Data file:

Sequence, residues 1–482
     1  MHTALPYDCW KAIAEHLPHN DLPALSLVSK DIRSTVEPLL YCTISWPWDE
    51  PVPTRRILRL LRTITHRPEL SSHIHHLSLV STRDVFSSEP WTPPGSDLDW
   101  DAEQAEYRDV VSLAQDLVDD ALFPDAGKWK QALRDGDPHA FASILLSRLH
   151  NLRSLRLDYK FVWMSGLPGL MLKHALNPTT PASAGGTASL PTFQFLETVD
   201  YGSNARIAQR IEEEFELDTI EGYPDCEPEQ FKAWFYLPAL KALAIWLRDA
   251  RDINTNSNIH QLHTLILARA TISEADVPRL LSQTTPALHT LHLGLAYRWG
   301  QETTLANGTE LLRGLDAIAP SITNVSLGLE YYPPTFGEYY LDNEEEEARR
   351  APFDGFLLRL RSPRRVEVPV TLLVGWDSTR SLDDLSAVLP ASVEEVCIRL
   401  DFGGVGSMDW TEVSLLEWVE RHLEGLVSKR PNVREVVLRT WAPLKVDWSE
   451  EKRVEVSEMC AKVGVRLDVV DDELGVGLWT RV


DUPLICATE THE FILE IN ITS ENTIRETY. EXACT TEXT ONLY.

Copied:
Sequence, residues 1–482
     1  MHTALPYDCW KAIAEHLPHN DLPALSLVSK DIRSTVEPLL YCTISWPWDE
    51  PVPTRRILRL LRTITHRPEL SSHIHHLSLV STRDVFSSEP WTPPGSDLDW
   101  DAEQAEYRDV VSLAQDLVDD ALFPDAGKWK QALRDGDPHA FASILLSRLH
   151  NLRSLRLDYK FVWMSGLPGL MLKHALNPTT PASAGGTASL PTFQFLETVD
   201  YGSNARIAQR IEEEFELDTI EGYPDCEPEQ FKAWFYLPAL KALAIWLRDA
   251  RDINTNSNIH QLHTLILARA TISEADVPRL LSQTTPALHT LHLGLAYRWG
   301  QETTLANGTE LLRGLDAIAP SITNVSLGLE YYPPTFGEYY LDNEEEEARR
   351  APFDGFLLRL RSPRRVEVPV TLLVGWDSTR SLDDLSAVLP ASVEEVCIRL
   401  DFGGVGSMDW TEVSLLEWVE RHLEGLVSKR PNVREVVLRT WAPLKVDWSE
   451  EKRVEVSEMC AKVGVRLDVV DDELGVGLWT RV